City Council members come and go, but one tradition never changes: pretending City Council jobs are hard.
When Kevin Johnson was mayor, I worked as his special assistant. The job was fun, filled with interesting people and problems. Being a staff member is not the same as elected. But I can’t call it hard.
Working for Kevin was difficult, but nothing like bartending or nursing or driving a delivery van. It was challenging because Kevin always wanted to know where I was and what I was doing, even when he didn’t need me, which was most of the time.
They needed to say something with six bodies scattered around the sidewalk at 10th and K streets. So Darrell Steinberg and Katie Valenzuela took shelter in the safest place they knew. They blamed guns.
With an actor’s studied passion, Steinberg spoke of broken hearts and school shootings. Valenzuela, newer at this sort of performance, tearfully described a phone call at 2:30 a.m. and waded into the weeds of the nation’s fascination with armaments.
I was walking on Ninth Street near City Hall and passed a tiny homeless encampment burrowed into the porch of a vacant building. Empty wine bottles stood sentry around two people asleep. Garbage spilled across the sidewalk. The little hovel was sad and filthy and carried a stomach-churning stench.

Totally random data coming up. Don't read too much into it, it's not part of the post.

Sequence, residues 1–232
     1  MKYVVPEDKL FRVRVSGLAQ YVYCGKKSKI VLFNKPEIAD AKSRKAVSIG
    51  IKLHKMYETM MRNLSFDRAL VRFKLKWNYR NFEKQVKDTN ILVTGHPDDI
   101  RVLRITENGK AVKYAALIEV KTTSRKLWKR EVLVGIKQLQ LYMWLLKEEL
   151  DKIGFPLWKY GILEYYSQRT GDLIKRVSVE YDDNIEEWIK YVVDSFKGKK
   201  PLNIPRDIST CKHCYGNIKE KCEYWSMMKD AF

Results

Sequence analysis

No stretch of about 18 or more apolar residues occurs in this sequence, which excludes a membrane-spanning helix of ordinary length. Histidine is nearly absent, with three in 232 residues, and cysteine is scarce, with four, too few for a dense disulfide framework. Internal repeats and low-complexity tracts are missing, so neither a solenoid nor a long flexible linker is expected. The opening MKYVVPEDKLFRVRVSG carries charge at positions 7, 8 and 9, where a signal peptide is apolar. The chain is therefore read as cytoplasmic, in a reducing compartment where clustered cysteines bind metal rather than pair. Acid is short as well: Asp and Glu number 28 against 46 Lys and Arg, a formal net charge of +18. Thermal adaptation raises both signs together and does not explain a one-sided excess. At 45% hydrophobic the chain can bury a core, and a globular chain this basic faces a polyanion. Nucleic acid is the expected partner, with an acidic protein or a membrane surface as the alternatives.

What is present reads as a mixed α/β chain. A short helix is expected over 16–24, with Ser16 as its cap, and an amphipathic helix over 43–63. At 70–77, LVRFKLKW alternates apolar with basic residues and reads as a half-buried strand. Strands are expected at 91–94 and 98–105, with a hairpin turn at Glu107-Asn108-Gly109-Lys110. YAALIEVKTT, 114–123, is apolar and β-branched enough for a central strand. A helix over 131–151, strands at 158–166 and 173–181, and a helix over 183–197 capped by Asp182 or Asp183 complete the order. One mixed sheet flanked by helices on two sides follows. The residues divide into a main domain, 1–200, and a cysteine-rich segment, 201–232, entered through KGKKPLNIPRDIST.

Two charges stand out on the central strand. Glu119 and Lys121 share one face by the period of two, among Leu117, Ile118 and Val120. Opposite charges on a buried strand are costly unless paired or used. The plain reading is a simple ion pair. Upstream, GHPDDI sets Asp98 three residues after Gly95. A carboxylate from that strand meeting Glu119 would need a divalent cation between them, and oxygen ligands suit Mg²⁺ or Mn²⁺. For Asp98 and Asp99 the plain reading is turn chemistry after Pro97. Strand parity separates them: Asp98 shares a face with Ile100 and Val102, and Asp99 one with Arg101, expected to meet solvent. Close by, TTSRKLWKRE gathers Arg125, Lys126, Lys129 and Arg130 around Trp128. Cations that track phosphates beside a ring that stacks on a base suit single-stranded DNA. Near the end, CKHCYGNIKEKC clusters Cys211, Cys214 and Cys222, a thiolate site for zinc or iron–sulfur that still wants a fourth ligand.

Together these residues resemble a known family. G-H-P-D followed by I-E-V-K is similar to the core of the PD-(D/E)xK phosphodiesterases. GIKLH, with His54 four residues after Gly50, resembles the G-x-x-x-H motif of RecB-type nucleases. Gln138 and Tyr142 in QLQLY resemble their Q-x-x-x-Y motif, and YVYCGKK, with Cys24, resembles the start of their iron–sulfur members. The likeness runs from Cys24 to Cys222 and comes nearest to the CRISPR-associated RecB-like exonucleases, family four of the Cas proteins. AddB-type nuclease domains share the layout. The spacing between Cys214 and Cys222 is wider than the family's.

The scene triggered a memory. It made me think about a documentary film I saw two decades ago, “The Marshes of Two Street,” by Richard Simpson.
As a guy who enjoys change, I love the Sacramento City Council. This council is all about change.
Two members, Angelique Ashby and Jay Schenirer, are leaving this year because they want new challenges, the state Senate for Ashby, retirement for Schenirer. Jeff Harris doesn’t want to go, but he’s leaving because a reapportionment committee stole his council district out from under him.
Next time, let’s leave the politics to the professionals. Amateur interference just creates a mess. At least with pros, outcomes are transparently based on self-preservation, greed and vengeance.
The latest example of mud pies created by amateurs at City Hall involves the redesign of City Council districts. This exercise commences around the turn of every decade, in alignment with census upheavals.
Officially, the process is called “redistricting,” but that’s a word I’ve sworn never to write or speak. It’s deadly for anyone trying to hold an audience.
Now we know how Darrell Steinberg’s political story ends. The mayor doesn’t fade away to cheers from sports fans thankful for the soccer stadium he coaxed into existence. There is no stadium. He doesn’t salute a revitalized embarcadero along the Sacramento River. There is no new waterfront.
But there are 11,000 homeless people.
After years of parliamentary gamesmanship, passionate speeches, tax hikes and wasted opportunities, Steinberg will be remembered for one thing—how he took Sacramento and turned it into the capital of homelessness.